Downtown this morning boy looks pretty desolate on Nicollet Mall all ripped up lots of shops closed the upscale building now has a Walgreens and a bank .The Kid's GAP shop gone indeed the Mall seems in transition to a more affordable existence . More beggars more desperate looking folks at library in general a transition seems well underway towards downtown being more like it was before Saks Fifth Avenue was up and running. The Office Depot is closed only the Marshall's basement store seems to be thriving.
This photo shows the odd nature of this show and it's paradoxical bipolar nature. My tendency towards excess and the Walker Art Center's protocol of spareness. Elizabeth Carpenter ( curator of Poison and Candy WAC 2012) tried to control the installation as I tried to tilt it towards some incoherent beauty rarely seen at the museum. As a living contemporary artist and a student of art history and critical literatures I wanted to transform the work into a giant total work (gesamtkunstwerk ) to try to loosen the musem's control over the interpretation of the huge exhibition.
Portrait of Noah Harmon a young artist who asked to pose. Pam's portrait of Noah is still unfinished often we do not finish simultaneously.I haven't been blogging very much but I've thought about what I might write about if I were not writing in a linear Tele Novella style like discourse like Socrates. Linear writing is very useful but in poetry and novels what all you have reach for ever more explicit ways to say the same things over and over.
International Pop the new exhibition at Walker Art Center brought back a lot of memories for me of my days in art school in Chicago when Pop Art first popped unto the cultural radar. Andy Warhol was a role model for a few of us as to how the art world worked and how things are never precisely as they seem. First we were fans because Pop Art was really driving the older teachers bananas as it was so commercial in outlook and it was moving away from the entrenched modernism (abstract expressionism in particular).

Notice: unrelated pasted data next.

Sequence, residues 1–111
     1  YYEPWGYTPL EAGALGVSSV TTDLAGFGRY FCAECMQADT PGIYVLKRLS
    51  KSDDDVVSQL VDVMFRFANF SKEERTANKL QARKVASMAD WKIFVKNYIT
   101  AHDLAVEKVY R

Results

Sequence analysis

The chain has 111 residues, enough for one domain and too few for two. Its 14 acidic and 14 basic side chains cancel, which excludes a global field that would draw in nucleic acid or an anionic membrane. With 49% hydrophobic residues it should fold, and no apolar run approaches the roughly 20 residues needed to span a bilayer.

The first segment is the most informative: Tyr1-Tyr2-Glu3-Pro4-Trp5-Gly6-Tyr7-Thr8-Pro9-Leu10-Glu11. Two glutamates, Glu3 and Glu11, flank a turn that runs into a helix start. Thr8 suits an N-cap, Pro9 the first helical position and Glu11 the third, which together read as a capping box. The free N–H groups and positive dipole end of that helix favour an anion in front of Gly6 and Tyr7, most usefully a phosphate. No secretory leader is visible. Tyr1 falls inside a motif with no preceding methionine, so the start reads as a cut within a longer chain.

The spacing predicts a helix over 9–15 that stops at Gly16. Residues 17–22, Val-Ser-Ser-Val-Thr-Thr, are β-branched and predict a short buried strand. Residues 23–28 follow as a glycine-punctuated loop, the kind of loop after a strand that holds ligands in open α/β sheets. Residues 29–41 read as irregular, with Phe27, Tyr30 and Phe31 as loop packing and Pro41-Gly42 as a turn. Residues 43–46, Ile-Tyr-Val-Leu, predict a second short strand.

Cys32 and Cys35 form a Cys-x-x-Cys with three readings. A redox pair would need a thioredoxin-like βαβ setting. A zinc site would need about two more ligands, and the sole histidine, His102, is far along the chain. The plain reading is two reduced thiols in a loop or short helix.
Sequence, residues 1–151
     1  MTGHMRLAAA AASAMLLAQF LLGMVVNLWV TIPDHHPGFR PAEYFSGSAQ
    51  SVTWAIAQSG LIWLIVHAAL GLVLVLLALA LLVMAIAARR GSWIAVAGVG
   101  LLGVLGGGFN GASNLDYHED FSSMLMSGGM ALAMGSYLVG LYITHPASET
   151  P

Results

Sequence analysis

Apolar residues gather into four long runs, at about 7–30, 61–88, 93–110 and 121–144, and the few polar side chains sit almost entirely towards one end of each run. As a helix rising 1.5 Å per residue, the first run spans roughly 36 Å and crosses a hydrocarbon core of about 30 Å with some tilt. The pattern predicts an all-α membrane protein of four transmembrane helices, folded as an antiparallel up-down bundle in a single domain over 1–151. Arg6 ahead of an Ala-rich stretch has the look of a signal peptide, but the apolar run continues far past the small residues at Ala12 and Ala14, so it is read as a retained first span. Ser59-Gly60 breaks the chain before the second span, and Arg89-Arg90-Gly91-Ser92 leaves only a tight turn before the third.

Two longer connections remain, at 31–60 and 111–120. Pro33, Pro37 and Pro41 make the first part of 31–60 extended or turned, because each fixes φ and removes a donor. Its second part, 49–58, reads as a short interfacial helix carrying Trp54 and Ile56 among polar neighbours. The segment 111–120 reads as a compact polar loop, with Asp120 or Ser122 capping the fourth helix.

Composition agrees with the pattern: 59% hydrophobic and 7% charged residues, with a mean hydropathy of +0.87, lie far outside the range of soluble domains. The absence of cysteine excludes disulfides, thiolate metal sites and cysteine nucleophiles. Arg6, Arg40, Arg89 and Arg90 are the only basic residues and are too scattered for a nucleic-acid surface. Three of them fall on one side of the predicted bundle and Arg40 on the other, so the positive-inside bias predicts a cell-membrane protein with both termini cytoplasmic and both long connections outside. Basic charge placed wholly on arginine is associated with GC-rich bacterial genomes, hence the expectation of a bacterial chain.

When I started writing blogs I thought it would be like a letter , at one time I kept up an active correspondence with several different people in different places. Indeed sometimes I think I wrote way too many letters. I think I supposed that this networking would create some aesthetic and practical results. I could say Artpolice Comics was a correspondence project or deeply involved in periodic expression. An old friend recently wrote What ever happened to our correspondence? For a while we wrote and kept up with each other's art.
If you can't get a book deal write a blog. Some intense emails recently and other thoughts at bed time that vanish into sleep. When I was a child in the summer it seemed as if death and dying were so far away that they could be put out of mind, filed under later much later. Now though at the age of 3 score and 10 I feel death lurks near bye in the wings just off stage a constant reminder of one's impending vanishing. Another aspect of this issue is the degree of misunderstanding that persists about my art working and my art works themselves. I was talking with old friend who lives in N.Y.